Almost every Saturday morning for more than 22 years I’ve done the private boaters report on the world famous “Let’s Talk Hookup” radio show on 1090 AM. Pete Gray and co-host Rick Maxa do a fantastic job and I’m honored to have been a small part of the show for all these years. I’ve got a lot of latitude in my segment to cover whatever’s biting but before I start the actual report I usually do a short intro as to existing local conditions. This past week I had made the comment that by mid-October we’re usually facing cooling water, chilly mornings and definite signs of impending winter as our offshore gamesters head towards the southern sun. And I continued with “But not this year… we’re still making memories as the unprecedented action of 2015 continues at a furious pace.”
I had originally started to highlight some my more subtle bluefin tactics in this article but I opted out; recent changes on the water demanded something more timely. About the first of October I was offshore looking around and I could see the water was a bit off from the previous trip. There was a bit less clarity, a lot less fin bait and the layer of red crabs was virtually gone. The average size of the yellows on the kelps was little more than that of the mackerel in the bait tank and the tuna around on the inside weren’t much bigger.
But then there was a late huge influx of the rarest exotics for SoCal…blue marlin, black marlin and wahoo. 662# blue, a 677# marlin that might be a black, a 510# that was a black and an incredible amount of wahoo to 93.3-pounds have changed the game in our blue water offshore. The water had warmed up, cleaned up, reloaded with red crabs and the wahoo are bitin!!!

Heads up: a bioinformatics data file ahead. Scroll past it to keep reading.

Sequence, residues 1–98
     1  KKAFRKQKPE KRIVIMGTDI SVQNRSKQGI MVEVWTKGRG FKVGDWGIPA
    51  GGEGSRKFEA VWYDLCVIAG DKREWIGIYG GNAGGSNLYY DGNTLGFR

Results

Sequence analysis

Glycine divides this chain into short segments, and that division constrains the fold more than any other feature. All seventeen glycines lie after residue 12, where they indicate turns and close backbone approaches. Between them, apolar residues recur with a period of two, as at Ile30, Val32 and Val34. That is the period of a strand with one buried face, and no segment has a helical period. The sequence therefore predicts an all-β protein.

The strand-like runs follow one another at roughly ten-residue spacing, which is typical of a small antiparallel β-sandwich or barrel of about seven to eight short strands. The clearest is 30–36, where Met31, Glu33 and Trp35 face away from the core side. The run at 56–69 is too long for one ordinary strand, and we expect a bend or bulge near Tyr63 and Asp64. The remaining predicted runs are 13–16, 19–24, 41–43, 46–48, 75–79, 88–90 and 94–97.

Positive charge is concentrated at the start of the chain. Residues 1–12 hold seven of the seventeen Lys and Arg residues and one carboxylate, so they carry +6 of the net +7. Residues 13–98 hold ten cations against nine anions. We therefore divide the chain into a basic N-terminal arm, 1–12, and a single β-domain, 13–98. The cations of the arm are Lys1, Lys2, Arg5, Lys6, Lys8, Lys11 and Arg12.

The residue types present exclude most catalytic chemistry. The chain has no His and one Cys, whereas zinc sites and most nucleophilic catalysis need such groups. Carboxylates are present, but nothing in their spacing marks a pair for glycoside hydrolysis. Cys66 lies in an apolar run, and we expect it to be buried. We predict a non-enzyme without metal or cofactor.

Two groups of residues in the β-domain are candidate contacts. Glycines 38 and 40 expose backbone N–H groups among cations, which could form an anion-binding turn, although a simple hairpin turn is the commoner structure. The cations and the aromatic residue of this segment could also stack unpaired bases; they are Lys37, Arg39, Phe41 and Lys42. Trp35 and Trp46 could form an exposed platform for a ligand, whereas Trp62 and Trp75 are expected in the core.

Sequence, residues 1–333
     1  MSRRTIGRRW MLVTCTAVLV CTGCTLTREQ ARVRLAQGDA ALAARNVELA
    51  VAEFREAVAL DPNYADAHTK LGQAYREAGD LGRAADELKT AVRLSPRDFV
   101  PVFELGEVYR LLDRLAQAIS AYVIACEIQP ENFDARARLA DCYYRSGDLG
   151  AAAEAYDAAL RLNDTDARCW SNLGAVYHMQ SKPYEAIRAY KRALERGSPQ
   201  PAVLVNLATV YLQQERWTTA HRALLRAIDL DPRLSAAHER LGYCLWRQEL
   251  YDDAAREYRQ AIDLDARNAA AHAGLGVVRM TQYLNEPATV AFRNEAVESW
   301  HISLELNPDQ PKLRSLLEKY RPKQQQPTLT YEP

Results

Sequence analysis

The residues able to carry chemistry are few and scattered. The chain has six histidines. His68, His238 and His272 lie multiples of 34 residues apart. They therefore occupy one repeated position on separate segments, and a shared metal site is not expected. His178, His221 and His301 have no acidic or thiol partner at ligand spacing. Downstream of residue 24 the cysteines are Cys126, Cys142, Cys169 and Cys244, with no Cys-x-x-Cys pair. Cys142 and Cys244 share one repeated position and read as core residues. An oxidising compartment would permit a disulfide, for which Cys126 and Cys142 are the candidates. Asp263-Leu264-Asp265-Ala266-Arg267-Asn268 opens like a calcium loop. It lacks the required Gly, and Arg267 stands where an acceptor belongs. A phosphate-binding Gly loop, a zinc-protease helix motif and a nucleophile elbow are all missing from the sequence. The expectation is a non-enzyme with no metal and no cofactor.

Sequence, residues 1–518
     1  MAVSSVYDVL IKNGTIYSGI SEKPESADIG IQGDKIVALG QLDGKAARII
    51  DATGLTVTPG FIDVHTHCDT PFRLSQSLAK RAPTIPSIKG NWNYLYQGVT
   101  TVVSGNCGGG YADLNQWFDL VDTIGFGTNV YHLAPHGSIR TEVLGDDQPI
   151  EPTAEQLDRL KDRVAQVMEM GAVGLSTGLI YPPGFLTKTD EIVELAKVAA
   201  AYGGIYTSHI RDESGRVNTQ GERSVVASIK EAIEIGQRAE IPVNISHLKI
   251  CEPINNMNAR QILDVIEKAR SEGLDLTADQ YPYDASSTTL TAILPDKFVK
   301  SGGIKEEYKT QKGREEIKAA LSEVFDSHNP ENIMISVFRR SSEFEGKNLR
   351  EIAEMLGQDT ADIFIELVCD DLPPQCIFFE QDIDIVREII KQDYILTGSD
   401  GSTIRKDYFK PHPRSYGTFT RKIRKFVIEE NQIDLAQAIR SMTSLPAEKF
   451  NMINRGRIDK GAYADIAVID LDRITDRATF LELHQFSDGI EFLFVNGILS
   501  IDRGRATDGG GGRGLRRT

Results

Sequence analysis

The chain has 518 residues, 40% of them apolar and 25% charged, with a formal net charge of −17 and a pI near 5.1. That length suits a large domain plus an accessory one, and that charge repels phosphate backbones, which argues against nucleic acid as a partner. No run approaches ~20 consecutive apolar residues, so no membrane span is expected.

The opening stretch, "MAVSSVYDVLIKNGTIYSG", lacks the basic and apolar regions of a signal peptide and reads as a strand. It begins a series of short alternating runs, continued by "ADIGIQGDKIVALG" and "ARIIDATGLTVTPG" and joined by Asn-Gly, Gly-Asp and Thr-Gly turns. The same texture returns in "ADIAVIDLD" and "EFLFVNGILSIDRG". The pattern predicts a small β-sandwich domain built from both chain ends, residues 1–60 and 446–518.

just the fact that I’m even writing about wahoo at all is news enough.
The first ones ever landed in SoCal were caught last year and they truly caught us by surprise. Before guys got wise jigs were being snipped off by their razor-sharp teeth and it took a while to get savvy and get wired. But when the dust settled about the end of November and the last ones headed south there were over 60 caught right here in our back yard. This year we are way past that already and it’s still getting better.
The last couple of days have provided steady action but the topper was a recent sport boat trip with a light load of good talent that scored 29 mixed grade wahoo including some real tankers. And with our late October water still all 72+…we are definitely plowing some new ground here. So I thought I would highlight a few relevant tips and tricks.
First thing this morning one of our good customers sends me a text with a pic of a nice wahoo on the deck and a quick note that they got one by the rigs, only 8 miles out in front of Long Beach. This is another developing bite and he was wise to get out early as those “skinnies” really like those daylight hours. Other boats were in tight, plowing furrows right next to the pilings. He stayed off further trolling at 8-9 knots and had two short bites and one that stuck on an X-Rap Rapala. He brought it by the store for a weigh-in before 10AM…now that’s a nice morning.
Fortunately these wahoo are somewhat user-friendly in terms of what they’ll bite. The East Coast guys are really into trolling their big jigs and jetheads really fast…like 14-20 knots. Although those methods work here just fine (I’ve caught a bunch on the big jigs in Mexico) our fishery is somewhat more centered on trolling hardbody plugs like a Yozuri Bonita, a Braid Marauder, a Rapala X-Rap or the Halco Giant Trembler.
A high percentage of the wahoo caught this year so far have been on the X-Raps. These are great plugs; very well-made, durable and in all the right colors. The key to making them a viable toothy-critter catcher is to fish them on a short piece of wire. Either a 2-foot piece of 170 or 250-pound multi-strand or a short section of equivalent single strand will work. You’ll crimp the necessary loops in the multi-strand or twist them in the single strand with a cool tool made by Du-Bro, the HayWire Twister. It takes some practice but once you get the hang of it you’ll make perfect loops. EITHER WAY…TEST YOUR CONNECTIONS!!!